But what do geocentrists do with this papal bull? First, they emphasize that this was truly a papal action, which is true as far as it goes. Some Vatican documents are reviewed by the Pope and ordered to be published by him, but they only carry the authority of the curial dicastery that actually wrote the document and do not carry the authority of a papal document or act. Such documents are referred to as having been approved “in forma communi.” Other documents are reviewed by the Pope and approved by him in a special way such that they are officially made “his own” and therefore acquire the full authority of a formal papal act. Such documents are referred to as having been approved “in forma specifica.” When a Pope wants to elevate the weight and authority of a document from “in forma communi” to “in forma specifica” all he must do is to sign it with the Latin phrase “in forma specifica approbavit.” (Consecrated Phrases: a Latin Theological Dictionary, p. 62)

But while it is true that Speculatores Domus Israel represents a papal action put forward in forma specifica (with papal authority), we need to ask, for what purpose was that authority invoked? To promulgate a doctrinal decree on heliocentrism? No. It was invoked to promulgate a disciplinary document.

Now geocentrists will on the one hand admit the importance of this distinction. Speaking of Alexander VII’s bull, one geocentrist plays up its importance by appealing to its approval in forma specifica:

In this way, the pope’s decree against books teaching heliocentrism was in the forma specifica venue, one of the highest magisterial vehicles for the dissemination of papal authority. (GWW, vol. 2, p. 224).

Interestingly, in his response to me, this same individual took a dramatically different tack when the distinction between in forma communi and in forma specifica was to his disadvantage. In that case, he soft-pedaled the fact that the 1616 and 1633 decrees of the Congregation of the Index and the Holy Office were both approved only in forma communi, not in forma specifica (“Response to David Palm on the Galileo Issue”, p. 10). While this double standard is telling enough, his assertion elsewhere that the authority of another document promulgated by this same Pope somehow bleeds over to elevate the authority of Speculatores Domus Israel is downright silly:

What is significant about the genre of Alexander VII’s decree is not only its forma specifica venue but also how popes following him regarded Alexander’s previous decrees. For example, in Pius IX’s dogmatic declaration on the Immaculate Conception in 1854, he cites as supporting documentation the writings of Alexander VII more than any other pope. In reference to Alexander VII’s apostolic constitution, Sollicitudo Omnium Esslesiarum [sic] of December 8, 1661, Pius IX says Alexander VII “authoritatively and decisively declared the mind of the Church” (GWW, vol. 2, p. 226.)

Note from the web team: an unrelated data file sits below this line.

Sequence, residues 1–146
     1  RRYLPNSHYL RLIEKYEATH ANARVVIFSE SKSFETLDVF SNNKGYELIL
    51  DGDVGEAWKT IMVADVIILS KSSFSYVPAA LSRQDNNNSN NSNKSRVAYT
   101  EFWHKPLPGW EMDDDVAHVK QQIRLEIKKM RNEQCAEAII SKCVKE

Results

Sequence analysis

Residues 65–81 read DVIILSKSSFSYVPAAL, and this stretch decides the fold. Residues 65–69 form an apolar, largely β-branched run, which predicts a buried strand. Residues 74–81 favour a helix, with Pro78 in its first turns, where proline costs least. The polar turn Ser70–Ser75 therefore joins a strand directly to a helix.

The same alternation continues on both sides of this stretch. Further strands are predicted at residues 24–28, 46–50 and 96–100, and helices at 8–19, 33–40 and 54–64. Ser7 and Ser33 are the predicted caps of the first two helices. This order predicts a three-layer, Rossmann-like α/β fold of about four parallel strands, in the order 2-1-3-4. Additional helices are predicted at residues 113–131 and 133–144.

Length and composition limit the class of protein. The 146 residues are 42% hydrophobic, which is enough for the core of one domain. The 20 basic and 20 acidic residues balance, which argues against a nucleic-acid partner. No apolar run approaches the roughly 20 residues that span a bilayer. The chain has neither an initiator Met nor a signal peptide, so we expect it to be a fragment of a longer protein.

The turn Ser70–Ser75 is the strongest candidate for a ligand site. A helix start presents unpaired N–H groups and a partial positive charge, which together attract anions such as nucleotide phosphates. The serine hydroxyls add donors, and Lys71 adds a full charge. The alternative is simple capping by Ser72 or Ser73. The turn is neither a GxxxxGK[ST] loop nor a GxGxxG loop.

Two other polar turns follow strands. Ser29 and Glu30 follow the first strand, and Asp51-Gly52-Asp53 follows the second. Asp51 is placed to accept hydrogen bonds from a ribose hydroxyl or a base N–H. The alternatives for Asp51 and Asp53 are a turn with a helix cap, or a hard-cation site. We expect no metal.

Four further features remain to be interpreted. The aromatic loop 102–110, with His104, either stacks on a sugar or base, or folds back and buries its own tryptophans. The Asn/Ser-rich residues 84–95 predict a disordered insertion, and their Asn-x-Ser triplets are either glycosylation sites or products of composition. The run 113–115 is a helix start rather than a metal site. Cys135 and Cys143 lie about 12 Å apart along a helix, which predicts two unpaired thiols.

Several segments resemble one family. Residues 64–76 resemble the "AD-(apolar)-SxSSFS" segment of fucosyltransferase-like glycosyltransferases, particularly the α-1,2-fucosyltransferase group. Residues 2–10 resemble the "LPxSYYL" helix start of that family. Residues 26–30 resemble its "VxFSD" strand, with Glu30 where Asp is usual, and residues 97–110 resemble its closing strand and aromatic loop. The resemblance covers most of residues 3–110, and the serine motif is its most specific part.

So, according to his argument, Alexander VII issued an apostolic constitution, a document bearing the Church’s highest authority. This apostolic constitution was on a topic entirely unrelated to Copernicanism. But it was cited by a later Pope. And this somehow automatically elevates the authority of all of Alexander VII’s decrees, even one manifestly issued in a form bearing a lesser authority and on a disciplinary topic at that. Anyone who knows anything about ecclesiastical documents will see that this is utter nonsense.

Second, the geocentrists play up various strongly-worded phrases in the document. Thus Pope Alexander states that he “approve with Apostolic authority by the tenor of these presents, and: command and enjoin all persons everywhere to yield this Index a constant and complete obedience…” (Wikipedia, Alexander VII). Certainly this is a strongly-worded phrase. But to what is it directed? Is it directed to establishing anti-heliocentrism as a binding doctrine of the Church? No, it is directed to the republication of the Index of Forbidden Books. Catholics are indeed expected to respect and obey the Pope, even in a disciplinary matter such as the Index of Forbidden Books. But again this does not make any particular thing on the Index a matter of binding doctrine. The Index itself was duly modified several times—including the removal of the various Copernican works—and was eventually done away with altogether. Clearly, then, these are matters of discipline and not of doctrine, even though certainly Catholics are expected to abide by the disciplinary injunctions of the Pope.

But the most egregious abuse of this papal document is when the geocentrists misrepresent it as if its main topic was Copernicanism. For example, Mark Wyatt stated in his edit of the Wikipedia article on Modern Geocentrism: “Alexander VII, in a Papal Bull declared that ‘the Pythagorean doctrine concerning the mobility of the earth and the immobility of the sun is false and altogether incompatible with divine Scripture’ and the principles advocated by Copernicus on the position and movement of the earth to be “repugnant to Scripture and to its true and Catholic interpretation” (Wikipedia, “Modern Geocentrism”, 25 Oct 2005.) This gives the impression that the central topic of the bull was the condemnation of Copernicanism. But this is simply false. The subject of the bull was the republication of the Index of Forbidden Books. Many decrees, not just those dealing with Copernicanism, were attached to this publication in order that a complete history may be established. And—this is important—in no case was the text of any of them cited in the bull. It is highly misleading to state, as Wyatt did, that Alexander VII’s bull “declared” anything with respect to Copernicanism. It is false to present Speculatores Domus Israel as if its subject was Copernicanism.

The obvious proof that Speculatores Domus Israel was a disciplinary document is that the contents of the Index were duly modified several times and eventually the Index was done away with altogether.

So, to summarize, the Congregation of the Index, which issued the public 1616 decree, had as its competence which works should and should not be included on the Index of Forbidden Books. At that time it was ruled that works presenting the Pythagorean theory as a thesis rather than a hypothesis should not be read by Catholics and therefore a number of works that did so were put on the Index. It was therefore a disciplinary decree and not irreformable.